1) Purchase a season ticket – without any risk of being left empty handed! We are so grateful to the other theatre companies who are supporting our effort. Because of their backing, your season pass will be worth its price whether we make our goal or not. If we do not meet our goal, our season passes will be honored for either free, 2-for-1, or otherwise notably discounted admission at California Musical Theatre Company, B Street Theatre Company, Stage Nine in Folsom, and five other companies who have pledged to back us but who need final approval from their boards before being named. There is no risk in supporting us this way.
2) Purchase a gift card – $5, $20, $500, anything! Realistically, you know if Garbeau’s is forced to close, your gift card will not have value. If we make our goal, you obviously get to redeem 100% of its value. However, I point out again that $26 per attendee of just one of our past productions exceeds our goal. Can you risk losing $10 or $20 to keep Garbeau’s open? It will add up – but only if you make that purchase.
3) Tell every single person you know. Post it on your blogs, Facebook, MySpace – everywhere. Yes, it’s embarrassing to be facing a forced closure. But in talking to a few friends and mentors in the community, they all said that people won’t know to help us unless they know what’s happening.
4) Email a note to your favorite radio, television, or newspaper editors. Tell them to cover this story. We have already received a mention from KFBK’s Kitty O’Neal and an interview recorded this morning (February 2nd) will be aired on Channel 10 at 5pm this evening. Fox 40 is covering us at 10pm. Good Day Sacramento is covering us next Wednesday. The more press we get, the better our chances are to meet (and even exceed) our goal.
5) Do it now. If hundreds of people are on the fence about making a purchase – waiting to hear how we’re progressing or thinking someone else will step in instead, then we will be closed by the end of March. We are a couple of weeks from some very unexpected hard and fast deadlines from our landlord to stay open. If you have any motivation to support Garbeau’s, it has to happen now.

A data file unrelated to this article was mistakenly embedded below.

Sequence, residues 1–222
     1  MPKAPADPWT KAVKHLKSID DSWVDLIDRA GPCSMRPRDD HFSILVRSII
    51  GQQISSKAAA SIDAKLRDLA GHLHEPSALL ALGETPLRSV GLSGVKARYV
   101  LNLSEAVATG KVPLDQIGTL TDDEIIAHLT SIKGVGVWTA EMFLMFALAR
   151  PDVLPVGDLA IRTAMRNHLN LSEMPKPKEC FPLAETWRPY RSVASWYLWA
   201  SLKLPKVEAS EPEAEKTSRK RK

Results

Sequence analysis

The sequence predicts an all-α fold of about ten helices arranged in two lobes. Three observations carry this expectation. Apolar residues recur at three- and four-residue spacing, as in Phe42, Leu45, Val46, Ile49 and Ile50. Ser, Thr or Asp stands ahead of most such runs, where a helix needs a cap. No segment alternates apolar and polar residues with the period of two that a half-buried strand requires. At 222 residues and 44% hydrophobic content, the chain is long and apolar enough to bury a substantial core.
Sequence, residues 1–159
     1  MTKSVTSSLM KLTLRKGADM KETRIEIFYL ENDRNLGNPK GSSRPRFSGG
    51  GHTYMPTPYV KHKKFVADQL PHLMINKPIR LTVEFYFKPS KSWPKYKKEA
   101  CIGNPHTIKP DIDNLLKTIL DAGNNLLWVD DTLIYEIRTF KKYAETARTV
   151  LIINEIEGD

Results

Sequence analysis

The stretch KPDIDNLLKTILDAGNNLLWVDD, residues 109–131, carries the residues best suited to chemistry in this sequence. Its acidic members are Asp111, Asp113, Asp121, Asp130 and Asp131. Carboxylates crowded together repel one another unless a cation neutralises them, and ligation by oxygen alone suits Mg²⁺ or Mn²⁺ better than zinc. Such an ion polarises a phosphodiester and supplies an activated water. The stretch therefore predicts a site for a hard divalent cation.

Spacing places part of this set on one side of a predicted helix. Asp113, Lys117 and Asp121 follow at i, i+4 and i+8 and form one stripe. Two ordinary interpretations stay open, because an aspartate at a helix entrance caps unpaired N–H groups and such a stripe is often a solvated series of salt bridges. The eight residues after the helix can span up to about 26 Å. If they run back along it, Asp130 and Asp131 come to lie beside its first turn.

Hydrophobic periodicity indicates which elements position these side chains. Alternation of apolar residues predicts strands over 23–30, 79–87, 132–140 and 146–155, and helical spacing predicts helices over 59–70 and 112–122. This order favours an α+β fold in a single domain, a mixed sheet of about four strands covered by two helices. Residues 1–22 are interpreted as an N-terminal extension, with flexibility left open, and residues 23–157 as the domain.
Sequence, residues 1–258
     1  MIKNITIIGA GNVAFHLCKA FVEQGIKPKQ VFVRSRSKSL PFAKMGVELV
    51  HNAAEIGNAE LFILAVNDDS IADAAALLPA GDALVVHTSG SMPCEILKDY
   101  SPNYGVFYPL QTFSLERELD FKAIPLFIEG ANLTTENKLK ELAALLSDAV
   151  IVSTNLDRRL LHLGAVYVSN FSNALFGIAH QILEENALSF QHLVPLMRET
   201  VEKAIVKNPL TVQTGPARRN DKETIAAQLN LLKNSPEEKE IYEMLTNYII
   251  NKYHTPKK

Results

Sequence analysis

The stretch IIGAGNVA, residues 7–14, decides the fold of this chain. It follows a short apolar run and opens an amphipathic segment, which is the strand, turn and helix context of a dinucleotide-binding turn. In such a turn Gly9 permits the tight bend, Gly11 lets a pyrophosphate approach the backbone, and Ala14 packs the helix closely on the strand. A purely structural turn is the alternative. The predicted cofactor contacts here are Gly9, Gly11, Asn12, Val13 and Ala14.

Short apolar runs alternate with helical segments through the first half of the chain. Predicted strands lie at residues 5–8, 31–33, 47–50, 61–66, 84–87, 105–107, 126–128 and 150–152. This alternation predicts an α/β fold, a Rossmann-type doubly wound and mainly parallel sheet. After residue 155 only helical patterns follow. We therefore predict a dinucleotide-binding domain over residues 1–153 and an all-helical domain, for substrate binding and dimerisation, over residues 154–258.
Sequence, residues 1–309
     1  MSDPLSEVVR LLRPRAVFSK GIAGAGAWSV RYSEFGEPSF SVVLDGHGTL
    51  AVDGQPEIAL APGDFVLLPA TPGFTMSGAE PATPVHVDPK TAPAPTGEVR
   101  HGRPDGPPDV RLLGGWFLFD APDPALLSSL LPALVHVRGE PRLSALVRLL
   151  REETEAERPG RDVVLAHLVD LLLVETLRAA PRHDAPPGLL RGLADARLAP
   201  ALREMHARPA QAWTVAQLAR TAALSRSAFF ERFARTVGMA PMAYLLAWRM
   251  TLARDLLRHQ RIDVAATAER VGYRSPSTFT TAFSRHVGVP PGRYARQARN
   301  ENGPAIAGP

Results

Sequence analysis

6) If the phone is busy, keep trying. Leave a voicemail if we’re tied up on the other line. If no one answers, it doesn’t mean we’re not there. If you get a busy signal, it doesn’t mean we’ve reached our goal already. We will also reply to emails.
7) If you like Frank Sinatra, make reservations for this final weekend of “My Way.” If you don’t like Sinatra, consider our comedy night or karaoke night!
8) Because of credit card fees, purchasing with cash or check is helpful. However, we are grateful regardless of how you end up paying.
9) You would help us by your knowing that we love Garbeau’s, we love what we do, and we love you, the people who have been with us – you who have sent emails saying how moved you were by a scene in “The All Night Strut,” or how much you laughed during “I Love You, You’re Perfect, Now Change!” or which character your grandchild liked best in “Alice in Wonderland.” I should also mention the sheer number of you who wrote your support to me in my simple effort to lose weight (27 lbs so far…). Your support, and the support we have already felt from the entire community, is overwhelming. We are truly touched and look forward to making it through this very difficult time.
Please note that our goal has always been, and still remains, giving our guests an evening of fun. This effort is getting media coverage and we will be letting you know what’s happening through our newsletter. However, if you walk through our doors, you are coming for dinner and entertainment – not an intensive care unit or telethon. If you approach us and specifically want to talk about this, we will. But otherwise, you will see us with genuine smiles as we do what we love to do – taking your cares away for the evening.
Sincerely, we are optimistic that this goal can be met. Thank you for any effort you can make on our behalf. And please beware that any help you provide may put you at risk for a hug the next time we see you.
All our best,
Mark, Andrea, and the Entire Garbeau’s Family
Garbeau’s Dinner Theater
12401 Folsom Blvd
Rancho Cordova, California 95742
Located in the second story of the Historic Nimbus Winery
(Highway 50 and Hazel)